That an impossible crime is dropped in the midst is pure icing on the cake.  In fact, while the promise of solving the puzzle provided an adequate goalpost for a mystery novel of the sort, I was just as much intrigued to see whether and how the men would make it out of the camp.

In the end, it was probably the escape angle that proved most satisfying.  I wouldn’t quite call the solution to the impossibility disappointing, but it didn’t deliver anything that I hadn’t already considered.  The “who” was at once surprising, while at the same time a bit predictable.  It didn’t matter though.  The Danger Within ends so strongly that I closed the book mourning that I didn’t have at least another fifty pages left.  Michael Gilbert had built such a cast of characters and sense of camaraderie that I had to know what more would happen next.

The Danger Within provides a satisfying blend of the mystery of an impossible crime with the tension and escapades of an escape thriller.  The book came fairly early in Michael Gilbert’s career (1952), and followed immediately after two of his other more renowned novels – Small Bone Deceased (1950) and Death Has Deep Roots (1951).  I’ll most likely be reading one of those two next, although I picked up another seven Gilbert works immediately upon completing The Danger Within.

The author published about 30 novels over the course of his career, although I get the sense the quite a few of the later titles were more of the espionage/action/thriller/crime variety.  Although I primarily focus on GAD mysteries, I’d be willing to experiment with some of Gilbert’s other genres given the strength of the POW camp storyline of The Danger Within.  Does anyone have any thoughts on his wider works?

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9 thoughts on “The Danger Within – Michael Gilbert (1952)”

  1. You commented recently on my look at The Crack in the Teacup that you were reading a “gripping” Michael Gilbert novel and I guess this one is it!! LOL. I certainly think you’ll enjoy Gilbert’s take on “innocent man has to battle a corrupt organization at great personal cost” in Crack in the Teacup as well as a few others. But you mentioned you had a copy of Night of the 12th and, oh my, is that one ever good. It’s actually a serial killer novel and a very surprising one, with a “twist in the tail” that is extraordinary. It reminded me of a novel … well, I won’t say more until you read Night of the 12th, but it was published in 1935 and is still fresh and scary as hell today. And I think it will also make you think of a specific movie and perhaps a true-crime story!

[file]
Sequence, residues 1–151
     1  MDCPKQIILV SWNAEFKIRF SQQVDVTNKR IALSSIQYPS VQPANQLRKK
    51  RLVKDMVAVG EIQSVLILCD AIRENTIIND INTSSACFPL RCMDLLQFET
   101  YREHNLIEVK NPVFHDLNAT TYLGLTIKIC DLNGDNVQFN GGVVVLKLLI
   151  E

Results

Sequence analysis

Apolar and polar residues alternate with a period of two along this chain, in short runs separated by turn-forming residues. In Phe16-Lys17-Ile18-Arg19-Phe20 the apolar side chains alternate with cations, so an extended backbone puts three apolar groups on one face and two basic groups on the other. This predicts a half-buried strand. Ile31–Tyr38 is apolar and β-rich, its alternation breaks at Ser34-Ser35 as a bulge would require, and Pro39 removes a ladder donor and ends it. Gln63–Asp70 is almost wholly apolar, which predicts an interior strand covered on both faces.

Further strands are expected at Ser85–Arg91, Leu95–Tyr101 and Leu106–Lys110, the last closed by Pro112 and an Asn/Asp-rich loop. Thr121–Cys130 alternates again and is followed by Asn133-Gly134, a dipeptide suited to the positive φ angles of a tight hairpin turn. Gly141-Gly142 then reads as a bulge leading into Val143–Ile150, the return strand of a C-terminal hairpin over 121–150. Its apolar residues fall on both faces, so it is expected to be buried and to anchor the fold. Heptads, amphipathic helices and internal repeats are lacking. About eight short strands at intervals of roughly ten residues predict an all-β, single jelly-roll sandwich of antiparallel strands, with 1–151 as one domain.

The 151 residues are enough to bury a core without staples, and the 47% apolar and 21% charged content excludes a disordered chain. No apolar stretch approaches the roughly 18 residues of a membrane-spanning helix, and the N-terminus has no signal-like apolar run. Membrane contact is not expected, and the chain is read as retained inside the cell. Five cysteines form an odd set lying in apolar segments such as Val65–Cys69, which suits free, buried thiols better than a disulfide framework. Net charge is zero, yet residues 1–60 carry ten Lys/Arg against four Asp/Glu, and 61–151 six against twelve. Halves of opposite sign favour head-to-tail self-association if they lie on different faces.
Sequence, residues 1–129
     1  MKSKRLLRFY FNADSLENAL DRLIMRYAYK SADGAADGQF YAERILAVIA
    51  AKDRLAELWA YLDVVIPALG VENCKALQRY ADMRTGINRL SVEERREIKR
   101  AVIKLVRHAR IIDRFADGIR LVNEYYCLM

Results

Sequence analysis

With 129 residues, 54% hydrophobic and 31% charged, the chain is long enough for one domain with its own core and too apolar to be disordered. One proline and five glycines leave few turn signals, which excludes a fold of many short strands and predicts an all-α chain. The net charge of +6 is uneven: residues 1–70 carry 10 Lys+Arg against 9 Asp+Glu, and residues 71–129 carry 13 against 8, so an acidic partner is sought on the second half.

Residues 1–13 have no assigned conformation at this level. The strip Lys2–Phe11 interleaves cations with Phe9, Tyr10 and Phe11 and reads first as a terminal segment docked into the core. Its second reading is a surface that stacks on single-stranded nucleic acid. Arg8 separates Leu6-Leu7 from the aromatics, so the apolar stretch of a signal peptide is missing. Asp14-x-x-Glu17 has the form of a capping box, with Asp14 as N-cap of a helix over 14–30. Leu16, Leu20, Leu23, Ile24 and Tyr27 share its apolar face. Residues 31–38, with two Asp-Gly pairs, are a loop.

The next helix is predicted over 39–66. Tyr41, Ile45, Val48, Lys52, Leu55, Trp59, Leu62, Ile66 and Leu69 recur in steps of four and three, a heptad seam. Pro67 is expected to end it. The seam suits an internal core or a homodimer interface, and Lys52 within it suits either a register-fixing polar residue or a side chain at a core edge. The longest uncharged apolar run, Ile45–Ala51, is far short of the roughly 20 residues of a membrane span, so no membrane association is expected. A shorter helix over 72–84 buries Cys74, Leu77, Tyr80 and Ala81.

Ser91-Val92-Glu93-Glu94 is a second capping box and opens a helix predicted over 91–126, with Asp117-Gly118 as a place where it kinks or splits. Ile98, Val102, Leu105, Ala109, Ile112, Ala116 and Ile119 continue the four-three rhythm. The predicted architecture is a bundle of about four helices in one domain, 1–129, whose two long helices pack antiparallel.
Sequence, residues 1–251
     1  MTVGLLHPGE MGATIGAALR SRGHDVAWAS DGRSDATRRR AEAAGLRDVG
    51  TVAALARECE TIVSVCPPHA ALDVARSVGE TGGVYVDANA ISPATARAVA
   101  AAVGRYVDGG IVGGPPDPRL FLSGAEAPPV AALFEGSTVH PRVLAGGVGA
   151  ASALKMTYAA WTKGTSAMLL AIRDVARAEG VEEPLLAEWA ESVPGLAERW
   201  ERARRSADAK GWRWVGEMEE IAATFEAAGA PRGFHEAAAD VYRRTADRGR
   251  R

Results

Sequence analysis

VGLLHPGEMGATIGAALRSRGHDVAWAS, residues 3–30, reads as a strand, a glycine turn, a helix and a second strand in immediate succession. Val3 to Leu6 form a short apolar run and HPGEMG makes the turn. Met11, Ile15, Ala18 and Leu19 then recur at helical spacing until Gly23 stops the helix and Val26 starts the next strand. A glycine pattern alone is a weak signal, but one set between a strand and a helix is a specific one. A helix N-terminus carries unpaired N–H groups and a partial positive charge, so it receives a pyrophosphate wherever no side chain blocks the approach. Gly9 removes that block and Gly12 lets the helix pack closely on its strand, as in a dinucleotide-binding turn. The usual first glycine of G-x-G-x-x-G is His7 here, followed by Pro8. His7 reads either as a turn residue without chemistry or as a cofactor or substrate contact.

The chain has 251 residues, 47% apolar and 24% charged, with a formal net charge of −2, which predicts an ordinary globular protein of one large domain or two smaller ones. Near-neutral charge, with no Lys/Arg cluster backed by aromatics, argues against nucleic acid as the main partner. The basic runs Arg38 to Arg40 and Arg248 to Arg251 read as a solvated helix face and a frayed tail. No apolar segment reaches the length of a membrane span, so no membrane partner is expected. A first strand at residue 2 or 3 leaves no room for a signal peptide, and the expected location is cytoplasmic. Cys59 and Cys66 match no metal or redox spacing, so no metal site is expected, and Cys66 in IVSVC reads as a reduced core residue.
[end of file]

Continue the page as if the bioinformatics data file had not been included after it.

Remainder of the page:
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    1. I picked up Crack in the Teacup based on your recommendation, and along with it bulk bought Blood and Judgement, Trouble, Overdrive (The Dust and the Heat), The Long Journey Home, Game Without Rules, and Mr. Calder and Mr. Behrens.

      Although I have Night of the 12th, it was somewhat on the bottom of my stack based on my glance at the front/back of the book. Thanks for the recommendation, I’ll be moving it much higher in the list.

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  2. I’ve had mixed experiences with Gilbert’s work. Loved Death Has Deep Roots and Danger Within. But got quite bored with Smallbone Deceased and Mr Calder and Mr Behrens. Blood and Judgement was somewhere in the middle.

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    1. Well, I do own all of those. I suspect I’ll try Death Has Deep Roots next, if only because I have a gorgeous Dell cover. I’m curious to try Smallbone Deceased since opinions are so divided. Thanks for the opinions!

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      1. I’m with Kate in thoroughly not enjoying Smallbone Deceased — far too much naturalistic dialgoue and snail’s pace plotting for my tastes. Mind you, I also didn’t get on with Gilbert’s Close Quarters, so I may not be the best example. Loved this, though, it’s a superb book, beautifully written, absolutely pitch-perfect in tone, and as gripping as anything I’ve read in pretty much any genre.

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  3. I’ve only read a few short stories by the writer, and liked them fine. I do have a copy of this – the Pan tie-in edition with a painting of Richard Todd on the cover – but still haven’t gotten round to reading it.

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  4. I confess, the only works by Michael Gilbert I’ve read have been some of his short stories published in EQMM decades ago, most of them about the characters Calder and Behrens. They did not leave me wanting to investigate him further… but yeah, an impossible-crime story with a World War Two background? I will have to get my hands on a copy of this one.